The Cold War: Communism In The United States

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The Soviet Union and the United Nations, led by the United States of America, were engaged in political and economic clashes, known as the Cold War, from the late 1940s to early 1950s. The Soviet Union stood for a Communist government, a society in which all property is publicly owned and each person works and is paid according to their abilities and needs. Communism gained power in the 1930s, from the Great Depression because everyone was then relying on the government to fix the crisis. The United States had a Capitalist government, where a country's trade and industry are controlled by private owners for profit, and the people have individual rights. So with the two governments clashing, neither of the powers liked what each other stood…show more content…
Senator, was closely associated with the anticommunist movement. He was also the man responsible for the word, McCarthyism, which is the practice of making accusations of subversion or treason without proper regard for evidence. But in 1954, he went too far when he attacked a young assistant in Joseph Welch’s law firm. Another anticommunist was John Edgar Hoover, who aided many of legislative investigations of communist activities. The House Un-American Activities Committee, also known as HUAC, was a committee of the U.S. House of Representatives that investigated allegations of communist activity in the U.S. during the early years of the Cold War. While some people agreed with HUAC and McCarthy’s actions, others were outraged because of the separations of families and friends because of mostly false allegations. Many normal people went into questioning and were effected on personal levels, like being fired from jobs and being blacklisted. HUAC exposed communists working inside the US government and the Hollywood film industry. In the government, federal employees were analyzed to test if they were loyal to the government. But there were one person, Alger Hiss, a former member of Teddy Roosevelt’s elite who established the United Nations, was to everyone's shock, a Communist agent. Before his presidency, Richard Nixon took over the questioning when Hiss went into the interrogation room. In the Hollywood…show more content…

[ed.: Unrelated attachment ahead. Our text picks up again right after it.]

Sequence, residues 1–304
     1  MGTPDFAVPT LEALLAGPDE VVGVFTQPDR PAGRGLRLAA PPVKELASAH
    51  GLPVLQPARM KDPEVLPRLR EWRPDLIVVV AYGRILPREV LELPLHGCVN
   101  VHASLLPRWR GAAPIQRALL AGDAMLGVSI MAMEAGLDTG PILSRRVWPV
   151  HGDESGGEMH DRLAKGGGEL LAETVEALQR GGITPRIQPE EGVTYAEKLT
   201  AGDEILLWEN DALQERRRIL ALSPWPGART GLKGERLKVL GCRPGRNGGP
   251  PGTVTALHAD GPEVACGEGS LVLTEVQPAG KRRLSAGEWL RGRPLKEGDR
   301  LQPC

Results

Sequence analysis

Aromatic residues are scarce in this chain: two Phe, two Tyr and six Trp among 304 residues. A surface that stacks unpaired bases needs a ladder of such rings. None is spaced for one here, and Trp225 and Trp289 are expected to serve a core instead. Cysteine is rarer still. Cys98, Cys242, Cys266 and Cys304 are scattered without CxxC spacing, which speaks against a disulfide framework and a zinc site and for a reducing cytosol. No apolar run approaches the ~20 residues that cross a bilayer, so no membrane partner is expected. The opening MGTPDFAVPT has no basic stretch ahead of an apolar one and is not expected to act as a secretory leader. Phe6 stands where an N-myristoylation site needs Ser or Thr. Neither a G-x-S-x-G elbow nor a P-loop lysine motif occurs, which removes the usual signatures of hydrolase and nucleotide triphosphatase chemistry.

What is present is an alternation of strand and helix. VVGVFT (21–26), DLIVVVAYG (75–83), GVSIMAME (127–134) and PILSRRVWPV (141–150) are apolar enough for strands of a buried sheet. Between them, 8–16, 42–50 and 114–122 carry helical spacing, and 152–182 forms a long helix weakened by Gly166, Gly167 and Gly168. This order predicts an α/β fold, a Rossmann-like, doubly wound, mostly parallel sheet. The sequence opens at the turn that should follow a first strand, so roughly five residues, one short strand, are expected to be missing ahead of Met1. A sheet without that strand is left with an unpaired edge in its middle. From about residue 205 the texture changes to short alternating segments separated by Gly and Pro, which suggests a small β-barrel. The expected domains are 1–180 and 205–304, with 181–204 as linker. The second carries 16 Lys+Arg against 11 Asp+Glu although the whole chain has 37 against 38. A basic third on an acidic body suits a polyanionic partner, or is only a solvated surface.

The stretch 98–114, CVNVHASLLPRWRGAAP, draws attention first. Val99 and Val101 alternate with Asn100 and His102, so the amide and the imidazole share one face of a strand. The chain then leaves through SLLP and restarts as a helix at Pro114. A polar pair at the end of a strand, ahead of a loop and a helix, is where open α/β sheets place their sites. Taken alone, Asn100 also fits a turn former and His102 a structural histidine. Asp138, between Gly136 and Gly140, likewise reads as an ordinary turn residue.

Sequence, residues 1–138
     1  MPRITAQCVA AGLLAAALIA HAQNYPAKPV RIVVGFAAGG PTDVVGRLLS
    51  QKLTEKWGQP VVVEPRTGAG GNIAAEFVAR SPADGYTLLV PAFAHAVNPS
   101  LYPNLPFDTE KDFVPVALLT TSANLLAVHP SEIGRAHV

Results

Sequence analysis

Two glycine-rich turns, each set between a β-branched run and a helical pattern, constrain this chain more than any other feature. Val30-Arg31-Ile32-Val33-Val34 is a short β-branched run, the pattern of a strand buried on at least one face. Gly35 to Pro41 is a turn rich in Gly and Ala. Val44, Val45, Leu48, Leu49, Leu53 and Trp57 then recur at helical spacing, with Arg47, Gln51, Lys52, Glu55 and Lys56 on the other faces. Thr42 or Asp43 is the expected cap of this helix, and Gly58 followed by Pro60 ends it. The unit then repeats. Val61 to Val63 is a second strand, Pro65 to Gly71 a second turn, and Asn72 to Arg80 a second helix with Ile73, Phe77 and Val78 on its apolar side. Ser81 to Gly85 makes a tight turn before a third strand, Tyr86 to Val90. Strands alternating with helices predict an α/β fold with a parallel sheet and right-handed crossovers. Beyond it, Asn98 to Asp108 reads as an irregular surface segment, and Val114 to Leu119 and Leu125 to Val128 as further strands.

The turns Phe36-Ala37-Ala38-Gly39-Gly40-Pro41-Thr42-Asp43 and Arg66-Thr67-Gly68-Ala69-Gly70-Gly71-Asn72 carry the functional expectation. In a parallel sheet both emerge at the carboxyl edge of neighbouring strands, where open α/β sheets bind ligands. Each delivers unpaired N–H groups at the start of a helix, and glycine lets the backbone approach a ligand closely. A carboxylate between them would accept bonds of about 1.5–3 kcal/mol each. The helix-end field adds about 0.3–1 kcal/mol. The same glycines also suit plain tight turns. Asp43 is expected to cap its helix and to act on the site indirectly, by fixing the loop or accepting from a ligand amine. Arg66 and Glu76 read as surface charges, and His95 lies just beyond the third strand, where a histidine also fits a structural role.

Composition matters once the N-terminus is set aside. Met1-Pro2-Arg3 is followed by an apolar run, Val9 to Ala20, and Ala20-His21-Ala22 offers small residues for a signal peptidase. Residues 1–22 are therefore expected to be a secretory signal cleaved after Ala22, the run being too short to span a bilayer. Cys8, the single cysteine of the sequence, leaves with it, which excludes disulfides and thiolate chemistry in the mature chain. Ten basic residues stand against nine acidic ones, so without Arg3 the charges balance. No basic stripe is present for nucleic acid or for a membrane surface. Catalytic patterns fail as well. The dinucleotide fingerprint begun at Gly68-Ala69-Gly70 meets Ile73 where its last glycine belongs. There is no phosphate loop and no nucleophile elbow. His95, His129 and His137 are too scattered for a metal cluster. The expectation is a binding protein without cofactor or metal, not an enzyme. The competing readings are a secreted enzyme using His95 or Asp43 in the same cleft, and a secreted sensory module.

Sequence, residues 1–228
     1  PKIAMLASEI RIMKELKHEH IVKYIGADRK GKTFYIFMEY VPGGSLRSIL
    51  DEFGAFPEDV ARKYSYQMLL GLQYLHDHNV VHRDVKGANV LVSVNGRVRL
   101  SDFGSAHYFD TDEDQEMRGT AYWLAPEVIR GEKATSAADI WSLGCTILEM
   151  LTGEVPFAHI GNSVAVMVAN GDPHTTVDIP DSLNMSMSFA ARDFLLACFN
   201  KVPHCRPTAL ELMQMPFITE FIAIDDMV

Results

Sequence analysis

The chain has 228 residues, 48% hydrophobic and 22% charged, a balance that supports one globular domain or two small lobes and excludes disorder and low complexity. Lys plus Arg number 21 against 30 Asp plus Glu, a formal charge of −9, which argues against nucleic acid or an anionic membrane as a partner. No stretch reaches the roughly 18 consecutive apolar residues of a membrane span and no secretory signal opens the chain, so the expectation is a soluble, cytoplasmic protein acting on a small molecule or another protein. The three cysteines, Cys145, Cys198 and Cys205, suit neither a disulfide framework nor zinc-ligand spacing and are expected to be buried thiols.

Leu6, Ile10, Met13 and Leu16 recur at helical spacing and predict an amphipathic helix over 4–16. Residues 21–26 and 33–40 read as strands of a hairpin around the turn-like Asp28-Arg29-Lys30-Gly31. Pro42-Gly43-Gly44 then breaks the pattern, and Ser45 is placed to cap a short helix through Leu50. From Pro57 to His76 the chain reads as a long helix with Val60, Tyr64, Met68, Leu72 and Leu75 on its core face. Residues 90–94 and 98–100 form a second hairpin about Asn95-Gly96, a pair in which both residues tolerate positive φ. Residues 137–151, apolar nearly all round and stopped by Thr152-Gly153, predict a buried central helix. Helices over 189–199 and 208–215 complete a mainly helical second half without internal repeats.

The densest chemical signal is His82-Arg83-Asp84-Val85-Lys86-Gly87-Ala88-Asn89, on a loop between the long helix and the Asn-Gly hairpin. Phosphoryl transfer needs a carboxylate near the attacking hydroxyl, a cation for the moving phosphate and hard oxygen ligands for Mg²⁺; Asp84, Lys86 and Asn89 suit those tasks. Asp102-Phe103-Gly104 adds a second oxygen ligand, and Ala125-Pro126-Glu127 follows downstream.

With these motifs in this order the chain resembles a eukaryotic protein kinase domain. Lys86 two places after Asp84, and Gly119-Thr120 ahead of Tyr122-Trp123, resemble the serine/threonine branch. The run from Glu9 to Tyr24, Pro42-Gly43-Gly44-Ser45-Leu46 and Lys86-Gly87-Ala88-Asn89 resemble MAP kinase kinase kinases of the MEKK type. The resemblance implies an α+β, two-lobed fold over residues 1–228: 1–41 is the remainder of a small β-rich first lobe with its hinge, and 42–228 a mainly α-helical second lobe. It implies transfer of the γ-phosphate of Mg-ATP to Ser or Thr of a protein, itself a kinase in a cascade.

Joseph McCarthy and John Edgar Hoover enlarged fear that with exaggeration. The public believed a nuclear attack was going to be in cities because that was where most people lived and worked and that would effect the government the most. Kids in school would even practice “air raid drills,” going into the basement of the school as fast as possible, just like they practiced fire drills. People also built fallout shelters in their backyards, but most were very poorly built. The media coverage made people worry about nuclear war because of the news about the Cuban Missile Crisis. The Red Scare also began because of the United States bombing on Hiroshima and Nagasaki, Japan in World War 2. But scientists, researchers, and mathematicians were excited for the discovery of nuclear technology because it was the first weapon with the radioactive element, uranium. The theory was straightforward, but the challenge was now how to control it without the bomb blowing itself up. In 1939, Albert Einstein wrote a letter to President Franklin Roosevelt warning him about the new weapon. Einstein was concerned that Germany was working on the bomb. The President took Einstein’s word and his letter led to the Manhattan Project. The Manhattan Project was so secretive, most workers, not even Vice-President Truman, did not know what they working for. No one except scientists, Franklin Delano Roosevelt, and his trusted

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